Human Genome Rough Draft Complete
The competitors in the race to finish sequencing the human genome came together June 26, 2000 to declare victory and to predict the dawning of a new age in the way medical care is delivered. J. Craig Venter, PhD, president and chief scientific officer of Celera Genomics, appeared at a press conference in Washington DC with his competitors, Francis Collins, MD, PhD, director of the National Human Genome Research Institute, and Ari Patrinos, PhD, associate director for biological and environmental research at the US Department of Energy. Members of the public genome consortium described their completion of a “working draft” of the genome. Dr Venter announced that Celera had completed its first assembly of the genome. International partners in the genome project, notably the Sanger Center in Great Britain, announced the completion of the working draft in London.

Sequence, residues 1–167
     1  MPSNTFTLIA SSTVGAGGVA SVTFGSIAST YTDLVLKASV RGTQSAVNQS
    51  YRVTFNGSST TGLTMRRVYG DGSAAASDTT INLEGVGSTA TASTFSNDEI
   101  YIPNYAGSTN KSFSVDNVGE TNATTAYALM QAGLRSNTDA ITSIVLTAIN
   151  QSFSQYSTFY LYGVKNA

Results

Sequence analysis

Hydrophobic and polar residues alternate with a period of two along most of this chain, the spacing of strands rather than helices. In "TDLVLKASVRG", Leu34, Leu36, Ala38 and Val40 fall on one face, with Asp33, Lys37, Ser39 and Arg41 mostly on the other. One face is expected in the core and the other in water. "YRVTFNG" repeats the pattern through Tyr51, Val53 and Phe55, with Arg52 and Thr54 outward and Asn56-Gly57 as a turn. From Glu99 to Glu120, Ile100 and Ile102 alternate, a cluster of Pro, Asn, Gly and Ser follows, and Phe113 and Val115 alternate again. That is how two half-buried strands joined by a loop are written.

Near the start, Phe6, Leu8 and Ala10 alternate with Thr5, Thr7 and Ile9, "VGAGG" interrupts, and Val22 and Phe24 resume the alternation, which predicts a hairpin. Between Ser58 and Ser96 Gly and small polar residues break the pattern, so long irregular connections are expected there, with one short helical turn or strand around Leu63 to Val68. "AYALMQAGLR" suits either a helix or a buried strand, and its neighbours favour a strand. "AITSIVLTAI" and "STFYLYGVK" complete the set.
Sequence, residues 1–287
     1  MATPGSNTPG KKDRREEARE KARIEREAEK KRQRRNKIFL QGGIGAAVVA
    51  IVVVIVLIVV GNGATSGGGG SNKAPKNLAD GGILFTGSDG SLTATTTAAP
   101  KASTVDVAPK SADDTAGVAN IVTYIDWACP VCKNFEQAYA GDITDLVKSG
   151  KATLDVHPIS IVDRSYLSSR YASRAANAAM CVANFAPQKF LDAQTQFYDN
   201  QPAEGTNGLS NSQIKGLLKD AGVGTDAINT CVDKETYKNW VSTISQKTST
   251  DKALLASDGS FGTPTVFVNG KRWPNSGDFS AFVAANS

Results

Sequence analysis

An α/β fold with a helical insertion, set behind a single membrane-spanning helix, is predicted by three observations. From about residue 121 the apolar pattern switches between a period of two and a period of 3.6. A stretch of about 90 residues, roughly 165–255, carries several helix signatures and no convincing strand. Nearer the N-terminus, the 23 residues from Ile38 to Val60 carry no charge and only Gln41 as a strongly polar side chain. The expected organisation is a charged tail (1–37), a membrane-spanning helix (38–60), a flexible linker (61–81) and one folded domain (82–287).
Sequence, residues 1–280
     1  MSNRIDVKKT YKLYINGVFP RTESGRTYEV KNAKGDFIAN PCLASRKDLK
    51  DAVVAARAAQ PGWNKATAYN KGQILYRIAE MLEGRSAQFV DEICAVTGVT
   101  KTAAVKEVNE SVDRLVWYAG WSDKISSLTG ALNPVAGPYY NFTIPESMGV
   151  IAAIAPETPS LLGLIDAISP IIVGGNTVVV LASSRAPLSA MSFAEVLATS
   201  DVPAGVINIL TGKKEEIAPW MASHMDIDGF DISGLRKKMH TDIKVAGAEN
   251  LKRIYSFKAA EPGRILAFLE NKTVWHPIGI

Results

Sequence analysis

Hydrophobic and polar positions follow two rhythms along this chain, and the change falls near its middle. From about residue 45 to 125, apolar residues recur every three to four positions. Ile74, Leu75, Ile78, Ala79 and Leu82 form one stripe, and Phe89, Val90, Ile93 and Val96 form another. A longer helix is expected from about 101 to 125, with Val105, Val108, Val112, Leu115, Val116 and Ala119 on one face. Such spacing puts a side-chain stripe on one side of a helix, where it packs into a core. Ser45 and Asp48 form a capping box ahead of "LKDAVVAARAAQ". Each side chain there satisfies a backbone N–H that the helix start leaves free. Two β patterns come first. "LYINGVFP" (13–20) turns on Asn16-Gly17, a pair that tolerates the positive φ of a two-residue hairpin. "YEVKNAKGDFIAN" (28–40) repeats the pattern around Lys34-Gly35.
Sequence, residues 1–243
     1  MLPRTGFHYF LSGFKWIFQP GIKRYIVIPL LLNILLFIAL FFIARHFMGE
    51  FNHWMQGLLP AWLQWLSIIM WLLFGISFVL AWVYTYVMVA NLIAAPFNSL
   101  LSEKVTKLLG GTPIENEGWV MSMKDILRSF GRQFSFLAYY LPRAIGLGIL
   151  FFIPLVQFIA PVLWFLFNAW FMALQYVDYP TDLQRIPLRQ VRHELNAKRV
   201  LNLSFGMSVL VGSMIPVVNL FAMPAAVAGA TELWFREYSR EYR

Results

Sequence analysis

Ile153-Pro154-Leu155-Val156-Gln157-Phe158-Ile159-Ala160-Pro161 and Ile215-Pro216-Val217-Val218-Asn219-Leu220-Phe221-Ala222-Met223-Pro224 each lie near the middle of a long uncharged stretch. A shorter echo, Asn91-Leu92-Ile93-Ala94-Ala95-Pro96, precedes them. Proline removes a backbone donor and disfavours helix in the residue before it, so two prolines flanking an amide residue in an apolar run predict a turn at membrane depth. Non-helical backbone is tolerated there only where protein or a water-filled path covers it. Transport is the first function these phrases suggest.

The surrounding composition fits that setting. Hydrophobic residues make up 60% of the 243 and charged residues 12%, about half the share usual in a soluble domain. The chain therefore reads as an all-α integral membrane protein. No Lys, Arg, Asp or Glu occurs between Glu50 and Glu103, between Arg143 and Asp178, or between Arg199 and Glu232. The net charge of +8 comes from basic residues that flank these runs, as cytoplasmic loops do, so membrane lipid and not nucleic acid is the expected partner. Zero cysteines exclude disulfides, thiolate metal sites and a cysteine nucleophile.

Ten years ago, the Human Genome Project began when the first pilot sequencing centers were named across the nation. At that time, genome officials thought the project would take 15 years and $3 billion to complete. However, technology improved and the formerly labor-intensive sequencing became more and more computerized. In 1998, Dr Venter issued his famous challenge, announcing that his company could completely sequence the genome before the year 2001. That spurred the public consortium to speed up its own efforts, changing its immediate goal from a 99% complete genome sequence to a 90% complete “working draft.”